Biography Of Charles Sheeler Photographed The Abandoned Textile Mills Of The Amoskeag Manufacturing Company

809 Words Apr 26th, 2016 4 Pages
Charles Sheeler photographed the abandoned textile mills of the Amoskeag Manufacturing Company in Manchester, New Hampshire and a decaying woolen mill building in Ballardvale, Massachusetts while doing artist-in-residences at Currier Gallery of Art and Phillips Academy Andover respectively. He superimposed these photographs onto one another, creating what he believed to be a more realistic view of his surroundings, Millyard Passage. For him, these superimposed images represented the memories with the present. One will always bring the past with them when seeing a new environment, and this was Sheeler’s way of representing this personal bias. Photography provided the perfect medium to link memory and observation. Sheeler’s lack of details is no longer part of the modernist architecture aesthetic. Rather, it is his commentary on his viewer’s perception of his world; we are more likely to remember forms and conceptualize a future without concrete details, so why add them at all?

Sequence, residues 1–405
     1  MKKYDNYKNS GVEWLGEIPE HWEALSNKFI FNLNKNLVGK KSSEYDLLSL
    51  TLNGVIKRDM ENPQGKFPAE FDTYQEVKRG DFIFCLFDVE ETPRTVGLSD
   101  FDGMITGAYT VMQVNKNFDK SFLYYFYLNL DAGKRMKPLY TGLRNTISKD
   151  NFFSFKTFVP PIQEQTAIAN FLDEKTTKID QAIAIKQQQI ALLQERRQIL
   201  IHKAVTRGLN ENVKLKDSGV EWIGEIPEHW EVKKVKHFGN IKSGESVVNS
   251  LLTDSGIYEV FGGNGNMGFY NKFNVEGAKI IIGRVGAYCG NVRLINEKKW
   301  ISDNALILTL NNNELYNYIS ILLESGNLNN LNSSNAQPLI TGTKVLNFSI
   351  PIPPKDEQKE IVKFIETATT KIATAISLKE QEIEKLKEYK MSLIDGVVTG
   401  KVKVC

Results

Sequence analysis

Meanwhile, New England Irrelevancies, created in 1953, when Sheeler was in his seventies, uses much more optimistic hues than his previous works. The brightest colors are represented with the most vertical perspectives, implying a future of vibrant skyscrapers for these eagerly-awaiting spaces. The blurring of dimension brings dynamic energy to these otherwise decaying mills, giving life to the shadows.

Figure 6. CHARLES SHEELER. On a Shaker Theme, 1956. Oil on canvas. Museum of Fine Arts, Boston. In…

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